John Vance is a vocalist who stylistically falls along the lines of Harry Connick, Jr., Michael Bublé, and Peter Cincotti. The difference is that Vance is not consciously trying to sound like Frank Sinatra. While definitely conforming to the style of '50s pop-jazz-swing songsters, Vance has a different kind of croon going on. Yes he's smooth, clean, solid, unspectacular, and works fairly well within his range and depth of expression. But there is nothing slick, forced, or phony about his approach. The musicianship of his band is noteworthy, particularly his pianist/music director John Colella, the fine bassist Trey Henry, and on cameo appearances the excellent veteran trumpeter Stacy Rowles and guitarist Larry Koonse. This program of standards plays toward the predictable, but Colella's arrangements (especially the energetic contemporary groove treatment of "You Don't Know What Love Is") turns well-worn chestnuts into newly polished gems. Vance pushes his upper range on "I Hadn't Anyone 'Til You," and works in a lighter mood on the good bossa take of "Speak Low," both with the vibrant and smart trumpet playing of Rowles. Koonse, a truly underrated jazz guitar expert, holds serve on the combo standard/Brazilian song "Like a Lover," two different songs with the same name merged beautifully. During the slow ballad "My Foolish Heart" and the serene Henry Mancini penned title track, both Vance and Koonse show their innate melodic sense, teamwork, and lack of pretentiousness. Vance sounds very good on the spare shuffle blues version of "Darn That Dream," the pensive "Invitation," and "I'm Beginning to See the Light" with a slight vibrato reflective of a restrained Al Martino, Bobby Darin, or Tony Bennett. But he is at his best on the waltz "Bluesette," inspired by the tricky 11/8 metered intro by Henry, and especially at the top of his game on a fine interpretation of Bob Dorough's fun tune "Better Than Anything," a waltz romp through life's delights that suits Vance's range perfectly. The first written lyric by Vance is here on the insular plea ballad "If You Go." This is the second CD for Vance, and shows his potential, with much more to come, if he is not ensnared in the tender trap of the overly produced and commercialized pop-jazz world.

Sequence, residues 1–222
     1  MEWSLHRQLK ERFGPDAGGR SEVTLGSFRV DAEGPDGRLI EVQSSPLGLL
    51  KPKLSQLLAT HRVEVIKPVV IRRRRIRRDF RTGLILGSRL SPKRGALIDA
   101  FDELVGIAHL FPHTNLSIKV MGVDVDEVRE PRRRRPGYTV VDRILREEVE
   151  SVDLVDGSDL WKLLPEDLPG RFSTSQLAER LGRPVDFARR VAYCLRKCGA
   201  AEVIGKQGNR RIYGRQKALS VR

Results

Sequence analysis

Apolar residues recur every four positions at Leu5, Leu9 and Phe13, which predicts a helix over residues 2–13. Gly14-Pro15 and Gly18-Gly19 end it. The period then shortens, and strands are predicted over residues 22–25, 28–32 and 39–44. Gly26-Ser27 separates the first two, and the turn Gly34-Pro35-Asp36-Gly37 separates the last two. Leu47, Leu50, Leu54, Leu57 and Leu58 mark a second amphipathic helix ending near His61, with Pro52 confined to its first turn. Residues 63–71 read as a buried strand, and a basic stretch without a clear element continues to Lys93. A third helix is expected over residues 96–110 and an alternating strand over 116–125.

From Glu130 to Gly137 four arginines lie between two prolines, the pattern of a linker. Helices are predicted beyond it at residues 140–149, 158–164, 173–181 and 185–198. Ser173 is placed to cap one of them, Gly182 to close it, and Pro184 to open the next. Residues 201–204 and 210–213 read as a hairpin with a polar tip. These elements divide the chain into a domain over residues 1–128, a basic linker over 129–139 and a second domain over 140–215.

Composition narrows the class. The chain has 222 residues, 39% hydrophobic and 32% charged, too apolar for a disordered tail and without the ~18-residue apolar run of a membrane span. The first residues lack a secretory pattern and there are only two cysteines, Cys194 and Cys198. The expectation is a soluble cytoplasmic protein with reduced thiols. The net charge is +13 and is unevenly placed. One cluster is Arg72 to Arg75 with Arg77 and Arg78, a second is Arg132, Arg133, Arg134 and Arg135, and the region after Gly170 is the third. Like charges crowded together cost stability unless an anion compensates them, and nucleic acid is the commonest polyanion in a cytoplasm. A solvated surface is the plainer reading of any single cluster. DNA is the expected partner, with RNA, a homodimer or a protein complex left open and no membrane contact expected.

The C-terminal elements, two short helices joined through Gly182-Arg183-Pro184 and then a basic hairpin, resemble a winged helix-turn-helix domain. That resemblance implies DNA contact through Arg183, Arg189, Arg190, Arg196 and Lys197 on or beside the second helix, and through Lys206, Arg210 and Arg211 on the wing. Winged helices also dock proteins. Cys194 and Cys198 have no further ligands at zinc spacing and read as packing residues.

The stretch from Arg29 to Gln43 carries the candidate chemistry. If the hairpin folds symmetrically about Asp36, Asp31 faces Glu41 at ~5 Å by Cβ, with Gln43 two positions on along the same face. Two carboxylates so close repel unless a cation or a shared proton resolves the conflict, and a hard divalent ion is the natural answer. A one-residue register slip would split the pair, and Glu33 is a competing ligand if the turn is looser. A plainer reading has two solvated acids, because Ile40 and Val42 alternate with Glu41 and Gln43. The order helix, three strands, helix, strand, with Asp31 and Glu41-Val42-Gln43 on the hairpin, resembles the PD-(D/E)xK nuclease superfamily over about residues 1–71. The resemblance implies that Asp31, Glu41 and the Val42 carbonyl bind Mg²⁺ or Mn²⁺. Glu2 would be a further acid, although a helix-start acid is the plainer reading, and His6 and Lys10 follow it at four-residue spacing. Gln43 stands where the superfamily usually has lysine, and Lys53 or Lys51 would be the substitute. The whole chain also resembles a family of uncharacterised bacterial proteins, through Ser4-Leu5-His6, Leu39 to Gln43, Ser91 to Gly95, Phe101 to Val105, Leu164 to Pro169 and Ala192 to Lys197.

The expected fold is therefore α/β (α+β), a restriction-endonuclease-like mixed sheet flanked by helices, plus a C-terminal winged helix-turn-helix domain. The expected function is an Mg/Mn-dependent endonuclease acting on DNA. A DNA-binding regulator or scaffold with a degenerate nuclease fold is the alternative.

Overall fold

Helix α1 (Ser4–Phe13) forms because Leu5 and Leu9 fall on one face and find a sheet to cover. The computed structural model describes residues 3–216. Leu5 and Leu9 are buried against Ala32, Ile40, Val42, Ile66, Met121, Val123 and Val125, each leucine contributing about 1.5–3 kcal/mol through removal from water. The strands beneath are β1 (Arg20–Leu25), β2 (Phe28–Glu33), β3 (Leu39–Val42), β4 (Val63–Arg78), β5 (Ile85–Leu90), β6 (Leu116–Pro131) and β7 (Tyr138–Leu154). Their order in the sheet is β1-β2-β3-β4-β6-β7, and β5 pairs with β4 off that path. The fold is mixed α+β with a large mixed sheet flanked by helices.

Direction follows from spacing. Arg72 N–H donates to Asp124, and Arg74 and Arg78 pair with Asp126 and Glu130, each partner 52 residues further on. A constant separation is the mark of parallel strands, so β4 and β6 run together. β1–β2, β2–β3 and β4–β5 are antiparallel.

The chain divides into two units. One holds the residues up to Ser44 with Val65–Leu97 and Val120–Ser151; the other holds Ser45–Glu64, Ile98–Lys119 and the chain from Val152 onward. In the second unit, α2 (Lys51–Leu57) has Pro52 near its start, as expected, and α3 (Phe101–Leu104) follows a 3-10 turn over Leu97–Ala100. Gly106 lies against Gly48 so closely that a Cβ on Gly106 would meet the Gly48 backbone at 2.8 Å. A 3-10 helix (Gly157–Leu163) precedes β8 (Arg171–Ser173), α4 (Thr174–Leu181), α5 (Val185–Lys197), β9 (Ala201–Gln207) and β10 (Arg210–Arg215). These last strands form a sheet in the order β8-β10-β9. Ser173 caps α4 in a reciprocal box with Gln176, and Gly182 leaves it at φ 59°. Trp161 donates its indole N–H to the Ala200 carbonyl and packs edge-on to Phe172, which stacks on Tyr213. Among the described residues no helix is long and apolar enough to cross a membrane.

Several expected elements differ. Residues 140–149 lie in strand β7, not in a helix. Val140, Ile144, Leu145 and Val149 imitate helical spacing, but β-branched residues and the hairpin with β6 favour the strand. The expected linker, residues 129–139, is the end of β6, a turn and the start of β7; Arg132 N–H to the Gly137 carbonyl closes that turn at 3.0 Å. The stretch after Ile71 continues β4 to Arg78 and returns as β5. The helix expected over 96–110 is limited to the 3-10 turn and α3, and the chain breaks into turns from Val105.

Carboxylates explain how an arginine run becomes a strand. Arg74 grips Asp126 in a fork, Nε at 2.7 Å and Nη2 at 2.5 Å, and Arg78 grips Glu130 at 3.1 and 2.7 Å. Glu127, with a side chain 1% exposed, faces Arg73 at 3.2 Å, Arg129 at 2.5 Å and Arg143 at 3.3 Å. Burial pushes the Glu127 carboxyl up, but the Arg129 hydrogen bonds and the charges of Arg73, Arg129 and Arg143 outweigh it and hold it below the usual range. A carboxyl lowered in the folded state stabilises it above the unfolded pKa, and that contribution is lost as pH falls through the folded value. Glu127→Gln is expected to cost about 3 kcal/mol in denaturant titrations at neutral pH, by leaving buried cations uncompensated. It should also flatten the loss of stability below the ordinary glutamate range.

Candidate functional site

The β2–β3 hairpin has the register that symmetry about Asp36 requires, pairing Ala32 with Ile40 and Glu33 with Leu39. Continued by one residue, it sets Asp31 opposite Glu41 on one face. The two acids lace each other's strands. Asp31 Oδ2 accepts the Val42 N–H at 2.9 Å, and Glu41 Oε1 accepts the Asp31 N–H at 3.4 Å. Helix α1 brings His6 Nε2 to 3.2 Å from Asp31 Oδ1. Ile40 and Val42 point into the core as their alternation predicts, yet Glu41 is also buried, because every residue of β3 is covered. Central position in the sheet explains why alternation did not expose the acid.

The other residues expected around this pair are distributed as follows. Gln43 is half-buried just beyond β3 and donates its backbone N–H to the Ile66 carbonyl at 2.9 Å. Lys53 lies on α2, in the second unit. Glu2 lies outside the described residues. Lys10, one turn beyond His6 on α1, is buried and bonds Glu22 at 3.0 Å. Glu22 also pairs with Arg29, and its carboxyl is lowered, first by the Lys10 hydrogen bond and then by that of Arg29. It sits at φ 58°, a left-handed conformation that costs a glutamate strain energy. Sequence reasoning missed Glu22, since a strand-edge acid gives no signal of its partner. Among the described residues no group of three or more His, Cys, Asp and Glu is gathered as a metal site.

AllMusic Review by Michael G. Nastos